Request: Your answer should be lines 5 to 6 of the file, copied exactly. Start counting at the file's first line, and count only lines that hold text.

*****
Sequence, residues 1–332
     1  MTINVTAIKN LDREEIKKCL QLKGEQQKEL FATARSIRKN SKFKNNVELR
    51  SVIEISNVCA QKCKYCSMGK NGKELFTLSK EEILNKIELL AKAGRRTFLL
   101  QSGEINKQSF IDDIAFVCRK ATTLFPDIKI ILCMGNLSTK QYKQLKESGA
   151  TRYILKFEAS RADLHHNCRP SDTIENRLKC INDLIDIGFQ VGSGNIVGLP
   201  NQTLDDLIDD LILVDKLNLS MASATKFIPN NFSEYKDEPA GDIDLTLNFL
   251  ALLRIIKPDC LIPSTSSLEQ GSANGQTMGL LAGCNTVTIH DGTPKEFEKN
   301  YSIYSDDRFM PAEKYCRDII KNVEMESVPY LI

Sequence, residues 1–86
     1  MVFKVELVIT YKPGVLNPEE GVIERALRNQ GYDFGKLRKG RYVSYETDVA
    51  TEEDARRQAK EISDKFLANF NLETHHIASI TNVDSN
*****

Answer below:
   151  TRYILKFEAS RADLHHNCRP SDTIENRLKC INDLIDIGFQ VGSGNIVGLP
   201  NQTLDDLIDD LILVDKLNLS MASATKFIPN NFSEYKDEPA GDIDLTLNFL